This latter machine owes its perfection to Sir Joseph Whitworth; and, indeed, the accuracy of workmanship which has of late years become general in the productions of mechanical engineering is largely to be attributed to the improvements introduced at various times by this celebrated engineer. As early as 1840 he described before the British Association a method he had devised for giving to plates of metal a greater perfection of surface than it had before been possible to attain. His mode of preparing plane metallic surfaces has since then been generally adopted, and by enabling greater accuracy to be attained in fittings, and by diminishing friction, this improvement has greatly added to the excellence and utility of all the most important and delicate kinds of mechanism.

Another valuable result of Sir J. Whitworth's labours was the introduction of a uniform and accurate system of cutting the threads of screws. The importance of the screw as an element in accurate mechanical construction can hardly be exaggerated, as any one may convince himself, by observing the number of screws employed in holding together the parts of a steam- engine. Some improvements had been introduced by Mr. Henry Maudslay; but it was not until Whitworth turned his attention to the subject, and had drawn up a methodical scale, that a uniform system was generally adopted. Previously to this period, every manufacturer followed his own ideas. The bolts and nuts coming from different quarters never fitted each other, and the want of uniformity caused constant trouble, confusion, and expense.

Sir Joseph Whitworth remedied the evil by collecting screw bolts from all the principal manufacturers in England. He then took the average of the pitch and depth of the threads of each dimension, and thereon founded a systematic scale. The uniformity of thread he introduced has since then been adopted by all the leading railway and private engineering establishments, as well as at the arsenals, dockyards, and other works belonging to the Government; and it has even extended to the best engineering works abroad.

It was with the same purpose of improving the quality of workmanship that Sir Joseph Whitworth invented his measuring machine. In describing this exquisite piece of apparatus before the Institution of Mechanical Engineers, the inventor said: "I have brought with mo for your inspection a small machine by which a difference in length of one-millionth part of an inch is at once detected. The principle is that of employing the sense of touch instead of sight. If any object be placed between two parallel true planes, adjusted so that the hand can just feel them in contact, you will find, on moving the planes only one fifty- thousandth of an inch nearer together, that the object is distinctly tighter, requiring greater force to move it between them. In the machine the object to be measured is the standard inch, in the form of a small square bar, both ends being true planes; and in this case, in order to measure with the utmost accuracy, a thin, flat piece or bar is also introduced, having its two sides also made perfect planes.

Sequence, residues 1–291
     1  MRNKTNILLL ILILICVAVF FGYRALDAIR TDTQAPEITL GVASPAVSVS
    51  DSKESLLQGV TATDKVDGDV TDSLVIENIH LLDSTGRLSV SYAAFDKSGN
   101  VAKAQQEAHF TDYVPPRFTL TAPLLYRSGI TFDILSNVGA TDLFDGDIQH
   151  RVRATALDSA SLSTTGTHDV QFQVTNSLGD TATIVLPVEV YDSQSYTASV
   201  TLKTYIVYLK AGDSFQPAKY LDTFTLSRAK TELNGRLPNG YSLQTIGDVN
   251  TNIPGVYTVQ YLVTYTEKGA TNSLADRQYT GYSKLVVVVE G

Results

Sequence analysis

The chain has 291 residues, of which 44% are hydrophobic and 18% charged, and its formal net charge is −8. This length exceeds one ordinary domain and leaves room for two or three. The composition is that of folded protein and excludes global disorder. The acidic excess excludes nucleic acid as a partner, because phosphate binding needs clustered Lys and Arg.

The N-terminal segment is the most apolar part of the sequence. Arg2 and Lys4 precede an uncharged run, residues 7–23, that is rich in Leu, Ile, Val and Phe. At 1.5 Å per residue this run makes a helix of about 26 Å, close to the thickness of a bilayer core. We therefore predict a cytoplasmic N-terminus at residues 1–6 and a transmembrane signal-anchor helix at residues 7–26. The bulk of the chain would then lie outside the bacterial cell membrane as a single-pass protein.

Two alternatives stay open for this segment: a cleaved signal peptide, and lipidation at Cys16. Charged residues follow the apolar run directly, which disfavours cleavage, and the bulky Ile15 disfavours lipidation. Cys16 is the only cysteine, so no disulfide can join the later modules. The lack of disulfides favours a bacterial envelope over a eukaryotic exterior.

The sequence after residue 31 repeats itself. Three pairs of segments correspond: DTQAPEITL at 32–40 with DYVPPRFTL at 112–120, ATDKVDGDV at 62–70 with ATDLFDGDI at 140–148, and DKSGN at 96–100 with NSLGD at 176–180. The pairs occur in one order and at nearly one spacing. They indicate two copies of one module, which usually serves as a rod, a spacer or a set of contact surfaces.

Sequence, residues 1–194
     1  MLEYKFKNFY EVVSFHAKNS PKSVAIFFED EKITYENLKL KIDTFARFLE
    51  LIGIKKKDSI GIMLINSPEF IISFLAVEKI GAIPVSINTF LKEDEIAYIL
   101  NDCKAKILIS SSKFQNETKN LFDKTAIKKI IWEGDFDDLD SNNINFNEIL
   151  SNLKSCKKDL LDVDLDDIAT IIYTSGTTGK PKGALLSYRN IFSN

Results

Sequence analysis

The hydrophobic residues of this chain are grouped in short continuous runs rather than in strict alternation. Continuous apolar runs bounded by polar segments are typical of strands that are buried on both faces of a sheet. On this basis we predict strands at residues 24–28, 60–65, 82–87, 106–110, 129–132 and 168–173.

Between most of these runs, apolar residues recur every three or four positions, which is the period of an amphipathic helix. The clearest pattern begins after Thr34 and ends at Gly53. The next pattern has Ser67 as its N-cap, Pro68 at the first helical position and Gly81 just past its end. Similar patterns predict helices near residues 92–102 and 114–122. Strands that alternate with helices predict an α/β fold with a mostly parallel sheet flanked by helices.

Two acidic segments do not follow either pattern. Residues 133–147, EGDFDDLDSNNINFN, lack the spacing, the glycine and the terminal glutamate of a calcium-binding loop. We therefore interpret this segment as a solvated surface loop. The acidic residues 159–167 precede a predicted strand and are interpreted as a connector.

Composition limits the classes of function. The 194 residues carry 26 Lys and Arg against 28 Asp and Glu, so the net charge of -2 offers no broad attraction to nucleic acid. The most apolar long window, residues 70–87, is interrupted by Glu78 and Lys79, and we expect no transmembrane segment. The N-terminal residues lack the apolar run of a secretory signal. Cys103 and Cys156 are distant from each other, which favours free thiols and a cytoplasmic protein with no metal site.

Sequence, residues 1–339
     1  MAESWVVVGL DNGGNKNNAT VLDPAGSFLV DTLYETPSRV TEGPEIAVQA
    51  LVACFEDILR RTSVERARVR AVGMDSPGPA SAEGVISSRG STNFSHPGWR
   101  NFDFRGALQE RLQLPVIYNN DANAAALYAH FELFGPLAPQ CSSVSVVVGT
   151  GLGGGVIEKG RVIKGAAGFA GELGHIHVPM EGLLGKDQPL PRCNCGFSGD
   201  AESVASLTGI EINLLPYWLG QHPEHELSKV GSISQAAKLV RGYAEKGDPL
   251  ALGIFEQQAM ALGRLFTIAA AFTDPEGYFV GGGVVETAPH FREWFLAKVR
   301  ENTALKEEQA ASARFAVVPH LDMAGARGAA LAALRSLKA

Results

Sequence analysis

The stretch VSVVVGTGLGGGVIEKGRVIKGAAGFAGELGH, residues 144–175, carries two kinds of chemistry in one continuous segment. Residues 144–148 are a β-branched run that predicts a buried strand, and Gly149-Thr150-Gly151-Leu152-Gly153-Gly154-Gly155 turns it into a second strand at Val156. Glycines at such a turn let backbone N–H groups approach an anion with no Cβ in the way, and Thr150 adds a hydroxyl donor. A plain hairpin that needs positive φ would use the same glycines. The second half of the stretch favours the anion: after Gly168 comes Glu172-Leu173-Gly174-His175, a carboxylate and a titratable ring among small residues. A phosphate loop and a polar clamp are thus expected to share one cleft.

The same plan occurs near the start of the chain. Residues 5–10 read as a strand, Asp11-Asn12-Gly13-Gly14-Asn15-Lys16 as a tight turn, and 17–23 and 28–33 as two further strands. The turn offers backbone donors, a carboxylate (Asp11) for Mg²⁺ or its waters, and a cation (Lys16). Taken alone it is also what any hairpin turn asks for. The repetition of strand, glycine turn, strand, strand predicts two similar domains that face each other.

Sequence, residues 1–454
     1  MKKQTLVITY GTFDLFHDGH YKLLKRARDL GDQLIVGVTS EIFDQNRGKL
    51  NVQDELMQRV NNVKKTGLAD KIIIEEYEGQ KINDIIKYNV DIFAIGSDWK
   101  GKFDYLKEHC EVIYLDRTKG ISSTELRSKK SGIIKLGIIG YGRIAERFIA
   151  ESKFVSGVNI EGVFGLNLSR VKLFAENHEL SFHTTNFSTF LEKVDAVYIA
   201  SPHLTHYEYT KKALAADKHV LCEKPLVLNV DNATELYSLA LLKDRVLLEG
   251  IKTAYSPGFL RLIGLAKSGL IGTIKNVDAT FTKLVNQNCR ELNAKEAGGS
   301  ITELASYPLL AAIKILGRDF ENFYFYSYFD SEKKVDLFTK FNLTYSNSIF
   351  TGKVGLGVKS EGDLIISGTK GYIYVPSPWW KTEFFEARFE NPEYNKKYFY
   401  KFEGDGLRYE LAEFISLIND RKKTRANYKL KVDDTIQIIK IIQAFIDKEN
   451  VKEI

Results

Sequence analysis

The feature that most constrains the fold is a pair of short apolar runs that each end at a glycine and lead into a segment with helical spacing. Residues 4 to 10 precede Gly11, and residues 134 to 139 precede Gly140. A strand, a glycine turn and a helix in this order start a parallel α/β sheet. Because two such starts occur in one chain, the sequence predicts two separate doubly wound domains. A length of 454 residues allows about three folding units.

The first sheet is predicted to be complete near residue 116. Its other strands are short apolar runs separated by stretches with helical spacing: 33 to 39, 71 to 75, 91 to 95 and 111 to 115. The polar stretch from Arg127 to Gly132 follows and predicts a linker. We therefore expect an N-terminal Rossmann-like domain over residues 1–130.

" This is placed between the inch bar to be measured and one of the end surfaces of the machine. If this thin bar is brought into closer contact by even the one-millionth of an inch, it will be suspended, friction overcoming its gravity. This machine and a larger one are used for making standards of length. When the standard yard, which is a square bar of steel, is placed in the larger machine, and the thin, flat piece is adjusted so as just to fall by its weight, the heat imparted by the slightest touch of the finger instantly prevents its fall, thus showing the lengthening of the bar by so small an amount of heat as that I have indicated. We have, therefore, in this mode of measurement, all the accuracy we can desire; and we find, in practice in the workshop, that it is easier to work to the ten-thousandth of an inch from standard of end measure - that is, by help of the new machine - than to the one-hundredth of an inch from the lines on a two-foot rule." With the help of the new machine, it is therefore possible, with less trouble, to attain workmanship a hundred times as accurate as could be accomplished without it.